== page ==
No. 37 leads by example and if there is one player in the National Hockey League that you want to model your game after, it is Bergeron.
Reilly Smith (Chris)– There really weren’t many expectations for Reilly Smith when he was traded from Dallas to Boston in the Tyler Seguin mega deal, but he made an instant impact for the Black and Gold.
Smith played in all 82 games for the Bruins scoring 20 goals and assisting on 31 others. He did have a red-hot start, but did hit a speed bump during the middle of the season. Smith regained his confidence and picked his play back up in the playoffs scoring four goals in 12 games.
His chemistry throughout the year with Bergeron and Brad Marchand was evident. At times, his line carried the Black and Gold, but there were sometimes he had trouble finishing and hitting the open man on the stick with a pass, but it’s a learning process. And it doesn’t hurt to learn from Bergeron on a daily basis.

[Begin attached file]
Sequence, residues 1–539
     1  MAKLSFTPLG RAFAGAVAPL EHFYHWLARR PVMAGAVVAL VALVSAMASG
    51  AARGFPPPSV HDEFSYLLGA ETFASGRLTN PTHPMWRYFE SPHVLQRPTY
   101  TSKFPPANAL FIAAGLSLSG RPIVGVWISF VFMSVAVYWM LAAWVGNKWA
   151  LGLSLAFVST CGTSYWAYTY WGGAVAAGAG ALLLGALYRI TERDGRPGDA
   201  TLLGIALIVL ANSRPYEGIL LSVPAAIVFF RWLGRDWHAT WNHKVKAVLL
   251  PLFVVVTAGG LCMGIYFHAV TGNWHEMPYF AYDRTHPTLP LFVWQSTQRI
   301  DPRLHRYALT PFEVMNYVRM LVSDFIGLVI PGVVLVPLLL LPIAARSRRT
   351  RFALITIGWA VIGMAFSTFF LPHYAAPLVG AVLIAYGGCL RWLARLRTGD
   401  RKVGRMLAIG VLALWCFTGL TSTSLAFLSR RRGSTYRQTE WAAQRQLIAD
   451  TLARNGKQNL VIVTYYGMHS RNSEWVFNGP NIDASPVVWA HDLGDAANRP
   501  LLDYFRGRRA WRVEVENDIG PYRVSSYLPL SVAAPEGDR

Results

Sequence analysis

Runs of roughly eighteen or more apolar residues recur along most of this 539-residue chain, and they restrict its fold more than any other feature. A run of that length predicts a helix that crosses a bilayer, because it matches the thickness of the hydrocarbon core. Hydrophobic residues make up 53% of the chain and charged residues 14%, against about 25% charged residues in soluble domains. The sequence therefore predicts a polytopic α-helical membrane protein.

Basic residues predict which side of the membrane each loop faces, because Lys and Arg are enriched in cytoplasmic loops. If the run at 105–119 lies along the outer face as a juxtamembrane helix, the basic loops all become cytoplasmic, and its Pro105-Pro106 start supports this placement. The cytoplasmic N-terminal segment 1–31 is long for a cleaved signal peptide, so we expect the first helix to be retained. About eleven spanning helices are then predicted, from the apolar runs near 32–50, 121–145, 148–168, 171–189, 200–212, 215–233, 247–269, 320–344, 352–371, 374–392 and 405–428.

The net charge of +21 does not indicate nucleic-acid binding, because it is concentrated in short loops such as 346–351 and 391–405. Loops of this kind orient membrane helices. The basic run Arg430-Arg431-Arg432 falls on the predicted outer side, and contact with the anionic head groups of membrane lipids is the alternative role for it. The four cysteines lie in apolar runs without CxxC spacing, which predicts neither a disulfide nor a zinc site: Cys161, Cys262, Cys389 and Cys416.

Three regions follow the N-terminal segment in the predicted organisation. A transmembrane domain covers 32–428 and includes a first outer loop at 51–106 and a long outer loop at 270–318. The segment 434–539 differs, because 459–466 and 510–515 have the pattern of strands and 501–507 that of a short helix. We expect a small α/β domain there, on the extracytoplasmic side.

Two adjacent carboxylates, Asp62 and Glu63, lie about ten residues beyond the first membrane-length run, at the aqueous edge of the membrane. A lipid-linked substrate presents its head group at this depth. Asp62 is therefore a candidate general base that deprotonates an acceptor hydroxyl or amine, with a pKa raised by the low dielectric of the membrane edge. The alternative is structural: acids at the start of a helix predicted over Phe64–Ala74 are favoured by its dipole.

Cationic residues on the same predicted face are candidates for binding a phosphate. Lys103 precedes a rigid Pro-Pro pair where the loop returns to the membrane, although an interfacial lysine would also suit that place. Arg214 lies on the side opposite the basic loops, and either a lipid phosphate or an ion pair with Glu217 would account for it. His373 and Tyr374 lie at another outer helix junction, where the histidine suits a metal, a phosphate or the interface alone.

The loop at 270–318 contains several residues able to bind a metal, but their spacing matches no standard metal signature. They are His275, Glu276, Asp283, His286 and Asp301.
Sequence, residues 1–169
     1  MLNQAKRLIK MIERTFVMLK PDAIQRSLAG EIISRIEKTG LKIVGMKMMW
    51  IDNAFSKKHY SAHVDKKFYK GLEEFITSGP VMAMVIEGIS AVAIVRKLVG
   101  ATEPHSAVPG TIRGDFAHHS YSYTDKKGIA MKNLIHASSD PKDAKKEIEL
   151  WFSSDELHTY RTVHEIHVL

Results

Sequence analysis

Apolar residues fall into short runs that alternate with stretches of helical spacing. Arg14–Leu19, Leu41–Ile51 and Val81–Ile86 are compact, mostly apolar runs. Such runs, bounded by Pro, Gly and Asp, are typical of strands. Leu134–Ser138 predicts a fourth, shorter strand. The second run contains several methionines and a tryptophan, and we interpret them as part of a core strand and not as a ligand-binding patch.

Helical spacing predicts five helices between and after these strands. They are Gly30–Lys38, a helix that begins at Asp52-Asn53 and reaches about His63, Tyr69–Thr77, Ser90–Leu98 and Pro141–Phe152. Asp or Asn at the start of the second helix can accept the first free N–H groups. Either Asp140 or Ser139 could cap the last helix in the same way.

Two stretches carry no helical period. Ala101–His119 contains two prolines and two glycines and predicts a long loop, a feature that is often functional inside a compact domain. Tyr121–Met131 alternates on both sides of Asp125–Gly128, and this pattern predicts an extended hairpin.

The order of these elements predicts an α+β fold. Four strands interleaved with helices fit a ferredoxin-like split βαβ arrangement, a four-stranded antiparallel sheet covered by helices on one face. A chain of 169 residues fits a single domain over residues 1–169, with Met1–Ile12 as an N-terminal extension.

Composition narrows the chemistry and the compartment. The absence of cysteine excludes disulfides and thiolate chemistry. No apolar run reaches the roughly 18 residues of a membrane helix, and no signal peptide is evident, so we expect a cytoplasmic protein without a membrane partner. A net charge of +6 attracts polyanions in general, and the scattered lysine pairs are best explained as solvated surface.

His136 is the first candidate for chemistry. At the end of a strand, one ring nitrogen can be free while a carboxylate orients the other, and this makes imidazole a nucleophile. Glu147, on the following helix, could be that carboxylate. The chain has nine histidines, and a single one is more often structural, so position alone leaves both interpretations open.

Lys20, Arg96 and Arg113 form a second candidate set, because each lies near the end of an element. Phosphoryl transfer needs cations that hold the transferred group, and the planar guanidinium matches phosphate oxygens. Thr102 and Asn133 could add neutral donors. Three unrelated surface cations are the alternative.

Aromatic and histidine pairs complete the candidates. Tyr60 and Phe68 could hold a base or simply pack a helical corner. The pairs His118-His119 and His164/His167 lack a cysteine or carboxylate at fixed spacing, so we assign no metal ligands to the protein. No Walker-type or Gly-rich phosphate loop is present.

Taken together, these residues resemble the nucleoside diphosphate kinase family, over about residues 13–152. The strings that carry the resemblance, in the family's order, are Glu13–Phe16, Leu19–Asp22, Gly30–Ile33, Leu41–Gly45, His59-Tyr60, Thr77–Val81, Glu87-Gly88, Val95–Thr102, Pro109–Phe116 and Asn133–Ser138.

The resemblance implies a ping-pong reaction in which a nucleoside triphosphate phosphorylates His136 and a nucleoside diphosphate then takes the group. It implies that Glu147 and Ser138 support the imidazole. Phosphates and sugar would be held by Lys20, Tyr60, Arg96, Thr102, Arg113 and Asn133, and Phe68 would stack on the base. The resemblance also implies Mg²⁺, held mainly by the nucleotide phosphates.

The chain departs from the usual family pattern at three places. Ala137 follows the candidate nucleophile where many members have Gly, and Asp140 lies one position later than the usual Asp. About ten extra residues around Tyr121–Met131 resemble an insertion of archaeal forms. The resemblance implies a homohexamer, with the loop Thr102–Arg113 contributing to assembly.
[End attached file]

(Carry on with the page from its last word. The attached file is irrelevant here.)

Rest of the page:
Smith exceeded expectations winning the Seventh Player Award voted on by the fans of Boston and he deserved it.
Carl Soderberg (Dan)– Heading into this season, many analysts and pundits found themselves intrigued at the upside of Soderberg’s skill-set translating into something special at the National Hockey League level. At 6’3, 216 lbs, it’s not common ground for players to exhibit the type of speed Soderberg possesses. Making Soderberg even more valuable is his ability to flank the wing position, even though he’s a natural centerman.
This season, Soderberg started out as a healthy scratch while the Bruins “showcased” Jordan Caron during the first five games of the season. On October 19, Soderberg hit the ground running in his regular season debut in Tampa Bay, notching an assist in a little over 14-minutes of ice time. Preceding his debut, Soderberg notched two assists against the Red Wings in Detroit, while seeing only 12:32 of ice time.
Injuries ravaged the Bruins throughout this season, making the multifaceted Soderberg a key cog to the Bruins offense, especially filling in at center on the third line during Chris Kelly’s absence. Following the Olympic break, Soderberg was one of Boston’s best forwards, tallying 18 points – seven on the powerplay – in just 18 games played. Even though his efforts didn’t always show up in box scores, Soderberg was one of Boston’s more consistent forwards during the postseason, tallying six points in 12 games played.